Kids love trampolines – the joy of bouncing up and down over and over is just unbeatable. There’s a lot of smiles and laughter involved, and many kids simply consider “trampoline” to be a synonym for “fun”. But, unfortunately, like a lot of things that are fun, trampolines come with a significant amount of risk. Whether your kids are begging you to get one for the backyard or you’ve already got one at your house, it’s important that you understand why trampolines are such a risk – and how to make safety key.
Why are trampolines such a risk?
Aside from the fact that trampolines can be dangerous (what if someone falls off, or what if someone lands wrong and breaks something?) they can also create liability for homeowners. Trampolines are known as attractive nuisances because they draw people in – particularly little kids. And if children see the trampoline, they might decide to invite themselves into your yard for a jump. If the child gets hurt, you could be held liable. And that could turn into a nightmare.
So, keep safety in the front of your mind!
Trampoline safety tips.
It’s also important that you do everything you can to make your trampoline as safe as possible. Here are a few tips for top-notch trampoline safety.
1. Have a fenced-in yard.
You can thwart potential pint-sized trespassers by having a fenced-in yard. You can keep kids away from the trampoline if you have a nice, sturdy fence surrounding the yard. That way you’ll have more control over who’s bouncing. Hopefully, you won’t look out the window to see some kid you may or may not know bouncing for the sky without your permission.
2. Always supervise the jumping.
It’s important that you supervise the spring-loaded fun. Kids shouldn’t be jumping without you keeping an eye on things. That way you can supervise the antics of the excited, bouncy trampoline-goers.
3. Only allow one person to jump at a time.
Yes, it might seem like a lot of fun to pile a bunch of people onto a trampoline so they can jump together. But here’s the thing: what if someone accidentally catapults into someone else, or what if someone rocket-launches someone else off the trampoline? Yes, it’s probably for the best that you only let one person bounce at a time.
4. Have an age-limit.
It’s probably a good idea to limit trampoline privileges to those above age six. Kids younger than that are so little, and you don’t want them getting hurt. Yes, the little ones might beg for a turn, but stick to activities that are appropriate for their age.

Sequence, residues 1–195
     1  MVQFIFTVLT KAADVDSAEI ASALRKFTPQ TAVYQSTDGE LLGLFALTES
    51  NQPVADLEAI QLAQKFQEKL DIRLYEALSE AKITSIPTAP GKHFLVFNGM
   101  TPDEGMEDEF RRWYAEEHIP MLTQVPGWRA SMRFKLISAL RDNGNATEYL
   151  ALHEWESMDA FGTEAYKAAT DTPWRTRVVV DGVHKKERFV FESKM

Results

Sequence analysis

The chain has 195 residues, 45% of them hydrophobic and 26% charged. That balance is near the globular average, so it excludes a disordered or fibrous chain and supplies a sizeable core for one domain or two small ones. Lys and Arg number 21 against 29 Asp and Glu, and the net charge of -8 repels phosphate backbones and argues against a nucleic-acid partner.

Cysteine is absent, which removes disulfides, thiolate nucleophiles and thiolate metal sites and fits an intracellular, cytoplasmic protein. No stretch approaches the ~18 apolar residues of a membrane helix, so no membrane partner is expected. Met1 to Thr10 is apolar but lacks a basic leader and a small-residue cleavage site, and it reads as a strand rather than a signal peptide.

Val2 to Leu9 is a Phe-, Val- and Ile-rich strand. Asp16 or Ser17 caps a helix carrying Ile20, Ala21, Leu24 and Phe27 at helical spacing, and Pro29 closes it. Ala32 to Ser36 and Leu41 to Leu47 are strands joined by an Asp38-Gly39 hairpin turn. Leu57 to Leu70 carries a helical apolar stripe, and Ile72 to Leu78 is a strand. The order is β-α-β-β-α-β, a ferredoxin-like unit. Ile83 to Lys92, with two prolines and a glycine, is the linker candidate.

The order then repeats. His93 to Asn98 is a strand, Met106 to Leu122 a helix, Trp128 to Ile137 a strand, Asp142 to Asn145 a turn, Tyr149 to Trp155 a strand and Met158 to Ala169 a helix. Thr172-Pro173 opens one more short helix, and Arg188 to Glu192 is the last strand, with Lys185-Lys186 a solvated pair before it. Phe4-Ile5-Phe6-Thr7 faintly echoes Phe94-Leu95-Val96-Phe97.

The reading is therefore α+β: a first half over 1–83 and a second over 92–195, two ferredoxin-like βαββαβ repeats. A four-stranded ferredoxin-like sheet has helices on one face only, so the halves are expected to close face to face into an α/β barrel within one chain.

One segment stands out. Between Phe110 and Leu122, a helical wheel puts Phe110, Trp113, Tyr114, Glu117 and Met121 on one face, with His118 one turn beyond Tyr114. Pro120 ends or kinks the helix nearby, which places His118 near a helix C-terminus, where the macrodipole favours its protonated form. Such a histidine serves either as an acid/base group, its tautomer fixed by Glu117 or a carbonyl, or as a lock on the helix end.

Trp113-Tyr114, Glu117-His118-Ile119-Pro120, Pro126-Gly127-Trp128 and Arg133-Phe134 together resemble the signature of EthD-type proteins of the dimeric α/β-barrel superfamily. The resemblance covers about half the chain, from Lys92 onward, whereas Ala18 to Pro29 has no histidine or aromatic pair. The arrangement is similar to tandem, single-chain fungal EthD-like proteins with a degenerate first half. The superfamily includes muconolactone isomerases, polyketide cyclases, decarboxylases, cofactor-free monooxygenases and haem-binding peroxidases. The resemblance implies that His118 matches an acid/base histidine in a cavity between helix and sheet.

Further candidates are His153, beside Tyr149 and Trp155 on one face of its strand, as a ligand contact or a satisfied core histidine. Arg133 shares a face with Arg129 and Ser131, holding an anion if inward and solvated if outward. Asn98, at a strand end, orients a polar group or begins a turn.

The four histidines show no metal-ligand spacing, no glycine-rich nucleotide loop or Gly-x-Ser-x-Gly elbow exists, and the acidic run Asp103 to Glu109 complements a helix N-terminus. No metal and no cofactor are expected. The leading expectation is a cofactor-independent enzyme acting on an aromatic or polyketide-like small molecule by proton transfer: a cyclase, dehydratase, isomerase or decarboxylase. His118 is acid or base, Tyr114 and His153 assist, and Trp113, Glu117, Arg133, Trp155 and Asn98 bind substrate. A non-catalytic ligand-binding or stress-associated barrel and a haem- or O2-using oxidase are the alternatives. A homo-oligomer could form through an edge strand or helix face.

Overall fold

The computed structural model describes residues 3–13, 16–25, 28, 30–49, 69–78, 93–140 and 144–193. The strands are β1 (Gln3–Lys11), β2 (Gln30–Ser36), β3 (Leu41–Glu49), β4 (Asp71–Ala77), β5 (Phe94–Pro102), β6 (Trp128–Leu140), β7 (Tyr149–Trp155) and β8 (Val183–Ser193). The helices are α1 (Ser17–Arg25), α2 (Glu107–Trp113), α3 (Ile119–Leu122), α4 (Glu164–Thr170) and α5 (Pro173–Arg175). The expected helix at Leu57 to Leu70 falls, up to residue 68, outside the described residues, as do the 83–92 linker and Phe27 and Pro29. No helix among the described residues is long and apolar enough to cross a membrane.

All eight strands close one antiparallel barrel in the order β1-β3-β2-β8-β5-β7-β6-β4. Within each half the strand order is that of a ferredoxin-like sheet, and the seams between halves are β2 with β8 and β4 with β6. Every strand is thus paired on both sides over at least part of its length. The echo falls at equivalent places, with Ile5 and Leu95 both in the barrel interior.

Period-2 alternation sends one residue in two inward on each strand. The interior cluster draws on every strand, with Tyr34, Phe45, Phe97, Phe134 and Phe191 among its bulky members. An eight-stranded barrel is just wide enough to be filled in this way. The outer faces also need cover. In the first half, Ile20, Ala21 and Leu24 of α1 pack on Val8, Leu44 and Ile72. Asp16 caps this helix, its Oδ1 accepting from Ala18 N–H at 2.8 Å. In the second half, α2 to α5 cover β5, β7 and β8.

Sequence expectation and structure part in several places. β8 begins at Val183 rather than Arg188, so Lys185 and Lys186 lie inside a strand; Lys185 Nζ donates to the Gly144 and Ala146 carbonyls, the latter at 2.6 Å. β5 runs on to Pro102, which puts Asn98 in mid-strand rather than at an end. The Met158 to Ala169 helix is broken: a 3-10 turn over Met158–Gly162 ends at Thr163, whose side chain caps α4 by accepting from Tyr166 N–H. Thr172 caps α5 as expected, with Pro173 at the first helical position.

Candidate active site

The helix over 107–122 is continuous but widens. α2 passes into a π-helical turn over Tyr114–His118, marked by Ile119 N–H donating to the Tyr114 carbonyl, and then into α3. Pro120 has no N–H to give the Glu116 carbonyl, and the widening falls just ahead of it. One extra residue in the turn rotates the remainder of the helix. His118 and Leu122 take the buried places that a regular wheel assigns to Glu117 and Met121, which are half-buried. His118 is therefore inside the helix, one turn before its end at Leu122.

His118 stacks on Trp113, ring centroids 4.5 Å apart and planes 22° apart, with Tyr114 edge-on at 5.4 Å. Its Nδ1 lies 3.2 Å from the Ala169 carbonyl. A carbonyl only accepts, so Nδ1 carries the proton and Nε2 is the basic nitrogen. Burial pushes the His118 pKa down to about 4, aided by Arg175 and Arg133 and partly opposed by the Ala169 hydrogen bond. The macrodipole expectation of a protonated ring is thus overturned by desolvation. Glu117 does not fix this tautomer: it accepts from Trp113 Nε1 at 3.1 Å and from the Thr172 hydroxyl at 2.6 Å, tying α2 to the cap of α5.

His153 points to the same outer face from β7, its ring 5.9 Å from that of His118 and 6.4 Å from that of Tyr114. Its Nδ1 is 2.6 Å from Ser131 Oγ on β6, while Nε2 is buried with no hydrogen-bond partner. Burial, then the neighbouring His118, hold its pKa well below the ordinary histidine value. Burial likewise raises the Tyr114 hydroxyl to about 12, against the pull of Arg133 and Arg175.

5. Be smart about the ladder.
Don’t leave the ladder by the trampoline where enterprising youngsters could scramble up onto the trampoline. With no ladder, it’s harder for kids to climb onto the trampoline. Even simple things can help deter determined little ones.
6. Leave the stunts to the professionals.
Not to take all the fun out of bouncing on the trampoline, but you should probably not allow flips or somersaults. Someone could land on their neck or head, which would not be good. Both of those things are important.
Likewise, don’t allow anyone to use the trampoline as a springboard to jump onto other things. As we said, leave the stunts and trick jumps to the pros.
7. Have safety padding.
Make sure the trampoline has enough padding. There should be padding to cover the hooks, frame, and springs of the trampoline. You don’t want any fingers to get pinched, or any elbows or knees to get sliced by a sharp edge. You don’t want any fingers to get pinched, or any elbows or knees to get sliced by a sharp edge. You can prevent a meltdown and tears that way.
8. Choose the spot strategically.
You need to scout a good spot. It needs to go on level ground so it’s not lopsided. And it’s probably best to avoid things like trees or other obstacles. Basically, pick a level spot away from things that could hurt a trampoline jumper.
9. Have safety netting.
You’ve also got to have safety netting to prevent people from flying off the trampoline if there’s a jump that goes astray. This is essential for safety.
10. Check the trampoline before each jump.
You should also check the trampoline before each use. Are the springs okay? Is the jumping surface torn or worn? Check that everything is shipshape before allowing anyone to jump. Just taking the time to do a pre-jump inspection can help you avert disaster.
Trampolines can be fun, but they can also be dangerous. Don’t underestimate the importance of laying down some ground rules in the interest of trampoline safety. Remember to get the appropriate safety netting and not to leave the ladder around. Supervise all jumpers. It’s all fine and good to have some fun jumping on a trampoline, but do so safely! Just a few basics can ensure that no trampoline-related calamities befall your household.